A New Tool for Assessing Fatigue in Individuals With Advanced Cancer
Fatigue is a common problem in advanced cancer and palliative care. The development of tools to measure fatigue, however, has been slowed by their inability to distinguish between fatigue and other related symptoms, such as tiredness. Our work suggests that these distinctions are important because they serve as markers for stressors associated with advancing disease. We have developed a tool that we believe will distinguish between these two states as well as exhaustion. In this study we will conduct some initial tests of this tool in preparation for its use as an outcome indicator in future studies.
|Study Design:||Time Perspective: Prospective|
|Official Title:||Development of a Rapid Assessment Tool for Fatigue in Palliative Care|
|Study Start Date:||October 2005|
|Study Completion Date:||October 2010|
|Primary Completion Date:||October 2007 (Final data collection date for primary outcome measure)|
Based on a series of qualitative studies, our group is developing a new rapid fatigue assessment screening tool (rFAST) for use with individuals who have advanced cancer and are receiving care in either an active treatment or palliative setting.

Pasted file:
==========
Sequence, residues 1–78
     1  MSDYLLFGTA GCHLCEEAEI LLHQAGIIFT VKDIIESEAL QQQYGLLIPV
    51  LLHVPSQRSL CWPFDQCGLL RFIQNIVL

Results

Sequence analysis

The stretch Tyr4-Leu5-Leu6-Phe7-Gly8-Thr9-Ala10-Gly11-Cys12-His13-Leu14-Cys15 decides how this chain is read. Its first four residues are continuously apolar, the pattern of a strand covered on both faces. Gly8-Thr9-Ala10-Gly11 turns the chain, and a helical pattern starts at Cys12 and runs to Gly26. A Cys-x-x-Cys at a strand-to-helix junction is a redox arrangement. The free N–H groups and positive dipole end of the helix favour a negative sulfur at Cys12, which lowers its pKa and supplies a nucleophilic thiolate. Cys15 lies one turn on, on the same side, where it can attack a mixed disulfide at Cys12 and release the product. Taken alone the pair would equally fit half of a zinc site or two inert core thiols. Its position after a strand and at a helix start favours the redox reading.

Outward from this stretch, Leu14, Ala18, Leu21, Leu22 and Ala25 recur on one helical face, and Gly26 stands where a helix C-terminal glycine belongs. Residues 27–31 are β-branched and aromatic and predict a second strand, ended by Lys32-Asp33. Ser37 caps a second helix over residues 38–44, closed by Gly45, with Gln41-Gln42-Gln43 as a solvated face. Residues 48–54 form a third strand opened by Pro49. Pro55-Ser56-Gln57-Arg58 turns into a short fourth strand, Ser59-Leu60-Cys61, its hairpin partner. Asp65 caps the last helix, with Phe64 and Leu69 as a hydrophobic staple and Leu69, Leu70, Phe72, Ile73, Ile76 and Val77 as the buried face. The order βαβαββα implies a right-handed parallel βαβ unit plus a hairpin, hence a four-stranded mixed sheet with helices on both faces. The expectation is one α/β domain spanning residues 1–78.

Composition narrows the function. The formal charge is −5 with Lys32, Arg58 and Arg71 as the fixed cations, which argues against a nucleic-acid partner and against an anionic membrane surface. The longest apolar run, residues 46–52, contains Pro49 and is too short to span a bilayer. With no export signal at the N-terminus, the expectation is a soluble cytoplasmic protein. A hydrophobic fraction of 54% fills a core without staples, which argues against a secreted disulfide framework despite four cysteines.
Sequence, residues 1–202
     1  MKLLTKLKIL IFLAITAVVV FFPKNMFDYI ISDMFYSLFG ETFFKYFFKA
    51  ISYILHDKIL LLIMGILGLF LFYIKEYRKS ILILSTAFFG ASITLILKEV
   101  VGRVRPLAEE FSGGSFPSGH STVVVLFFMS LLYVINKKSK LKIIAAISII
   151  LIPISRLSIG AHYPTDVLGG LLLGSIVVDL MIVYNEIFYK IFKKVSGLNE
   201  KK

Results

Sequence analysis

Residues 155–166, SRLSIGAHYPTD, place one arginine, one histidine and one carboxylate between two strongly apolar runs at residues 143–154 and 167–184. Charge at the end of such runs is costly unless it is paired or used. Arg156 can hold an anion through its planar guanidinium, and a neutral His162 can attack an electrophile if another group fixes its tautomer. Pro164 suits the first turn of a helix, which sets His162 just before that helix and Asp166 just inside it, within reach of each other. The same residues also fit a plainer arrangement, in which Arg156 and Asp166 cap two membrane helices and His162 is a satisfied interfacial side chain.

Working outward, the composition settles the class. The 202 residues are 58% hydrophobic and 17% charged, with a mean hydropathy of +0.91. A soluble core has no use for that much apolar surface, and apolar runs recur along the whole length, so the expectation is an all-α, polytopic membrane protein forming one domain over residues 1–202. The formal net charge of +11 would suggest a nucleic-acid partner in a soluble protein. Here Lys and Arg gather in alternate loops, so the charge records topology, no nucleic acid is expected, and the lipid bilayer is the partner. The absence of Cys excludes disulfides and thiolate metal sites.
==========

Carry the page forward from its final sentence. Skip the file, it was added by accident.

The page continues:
- The three tools (tiredness, fatigue, and exhaustion) in the rFAST are each defined by the same six dimensions: decline in stamina, decline in cognition, decline in sleep quality, diminished social network, and increased emotional reactivity
- The five subscales of the tiredness, fatigue, and exhaustion scales are internally consistent.
- Tiredness, fatigue, and exhaustion are distinct states that are manifested by unique patterns of scores on their 6 subscales
- The mean POMS-Vsf scores of individuals who meet the definition of fatigue will be lower than the mean POMS-Vsf scores of individuals who meet the definition of tiredness and higher than the mean POMS-Vsf scores of individuals who meet the definition of exhaustion.
- To examine the factor structure of the tiredness, fatigue, and exhaustion scales of the rFAST.
- To examine the internal consistency of the 5 subscales within the tired, fatigue, and exhaustion scales.
- To compare actual rFAST scale scores to hypothesized scale profiles for tiredness, fatigue, and exhaustion.